FAQ

Q. What is the best online broker to use?

A. We like optionshouse.com and optionsexpress.com. Both allow you to have a virtual account. This is a great learning tool because you can enter your trades and watch the relationship between the stock’s price and the option’s price over the course of a week and see how the trade work out. They both have easy order entry as well and allow you to enter both sides of your credit spreads all on 1 ticket.

Q. When do you enter the trade?

A. You can enter it anytime from Friday to the following Friday’s close. I have found that if you wait until Tuesday, you will take less risk because you are in the market fewer days and there has been enough time for the options market to develop. You can even wait until Wednesday in some cases. I prefer not to be in any trades like this over the weekend.  This is just my feeling on the matter. There is no right or wrong day to enter your trades.

I highly recommend you watch the weekly options quotes through your online broker or at www.cboe.com. You will notice that when the weekly options “age” a little, you will get better liquidity.

I also recommend you try a virtual account at optionsexpress or optionshouse. You can trade virtually at first, like paper trading only better because you can see in real time what happens to options prices over 7 days and their relationship to the underlying stock.  Especially with credit spreads, which are now very easy to do.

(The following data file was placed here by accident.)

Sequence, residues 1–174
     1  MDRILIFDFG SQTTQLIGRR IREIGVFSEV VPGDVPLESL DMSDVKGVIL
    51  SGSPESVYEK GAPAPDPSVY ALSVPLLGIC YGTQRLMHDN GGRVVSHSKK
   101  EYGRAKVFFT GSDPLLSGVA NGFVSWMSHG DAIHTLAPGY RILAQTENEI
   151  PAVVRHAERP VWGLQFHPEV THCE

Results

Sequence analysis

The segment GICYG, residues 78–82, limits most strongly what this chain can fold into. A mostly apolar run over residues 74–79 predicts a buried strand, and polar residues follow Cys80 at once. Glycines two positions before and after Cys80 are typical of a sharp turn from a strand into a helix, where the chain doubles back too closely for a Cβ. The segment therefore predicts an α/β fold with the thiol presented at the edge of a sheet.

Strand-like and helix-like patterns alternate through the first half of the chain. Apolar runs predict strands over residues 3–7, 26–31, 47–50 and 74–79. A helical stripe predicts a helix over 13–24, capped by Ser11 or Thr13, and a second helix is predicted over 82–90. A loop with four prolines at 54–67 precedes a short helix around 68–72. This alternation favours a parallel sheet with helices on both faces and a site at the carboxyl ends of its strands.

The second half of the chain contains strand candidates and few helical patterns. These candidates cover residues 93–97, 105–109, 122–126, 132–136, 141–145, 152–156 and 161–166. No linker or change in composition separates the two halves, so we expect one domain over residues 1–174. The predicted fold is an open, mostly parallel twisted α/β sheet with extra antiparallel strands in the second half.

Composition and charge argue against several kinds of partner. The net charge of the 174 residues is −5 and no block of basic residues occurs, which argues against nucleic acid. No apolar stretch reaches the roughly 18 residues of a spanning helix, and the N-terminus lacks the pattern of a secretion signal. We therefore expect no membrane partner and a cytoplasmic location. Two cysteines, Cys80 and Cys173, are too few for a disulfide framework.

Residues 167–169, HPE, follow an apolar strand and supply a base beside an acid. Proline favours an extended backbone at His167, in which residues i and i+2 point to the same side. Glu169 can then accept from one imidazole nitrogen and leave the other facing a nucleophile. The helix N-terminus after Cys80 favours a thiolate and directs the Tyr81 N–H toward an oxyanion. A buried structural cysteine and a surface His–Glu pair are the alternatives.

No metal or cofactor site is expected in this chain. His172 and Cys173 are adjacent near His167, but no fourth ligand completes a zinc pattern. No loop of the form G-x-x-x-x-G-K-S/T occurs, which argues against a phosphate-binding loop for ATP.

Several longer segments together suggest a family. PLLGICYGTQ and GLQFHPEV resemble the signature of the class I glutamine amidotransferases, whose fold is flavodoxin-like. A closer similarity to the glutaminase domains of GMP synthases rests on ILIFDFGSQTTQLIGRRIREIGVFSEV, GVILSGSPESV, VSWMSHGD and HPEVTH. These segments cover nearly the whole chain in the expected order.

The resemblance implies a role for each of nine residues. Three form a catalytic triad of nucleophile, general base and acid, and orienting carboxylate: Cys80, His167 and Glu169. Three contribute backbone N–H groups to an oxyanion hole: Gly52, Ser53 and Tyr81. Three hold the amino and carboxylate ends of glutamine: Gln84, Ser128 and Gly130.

Q. Do you recommend letting the credit spread options trades expire worthless?

A. Yes.  You can get out before expiration and make less than your original profit. Sometimes that might work for you. Some people take a little more risk going in for a higher profit, knowing that they will get out before expiration.

Q. Do you “defend” the trade and if so how?

A. No. I don’t know who made this term up but I hear about it all the time.  Defending a trade means you have to buy an additional Call or Put, or in the case of regular options, you would roll it out to the next month. The bottom line here is that you are investing more money in a losing trade and more than likely will take an even bigger loss adjusting or defending because the underlying stock is already going against you when you place the defending trade or adjust the trade. This is throwing good money after bad. It is the exact opposite of what I teach. I want a stock that is moving up when I place a Bull Put spread, this way the stock is moving away from me and my probability of success is high.

It’s also critical that you understand that in any trade, you can get out at any time. You don’t have to lose all the money required to do the trade if the stock starts going against you. You can unwind the trade at any time.

Q. What to do if the stock goes against you.

A. Sometimes, during the week, the underlying stock may go against you. At this point, you have to decide if you think the trend is broken and the stock will trade through your strike prices by Friday, or if the stock is only temporarily moving against you. The best way to learn more about this is to read the report in the Trader Training Section titled Case Study CMG: When to Get Out and watch the video in the Trader Training section called Video: Diary Of A Volatile Trade.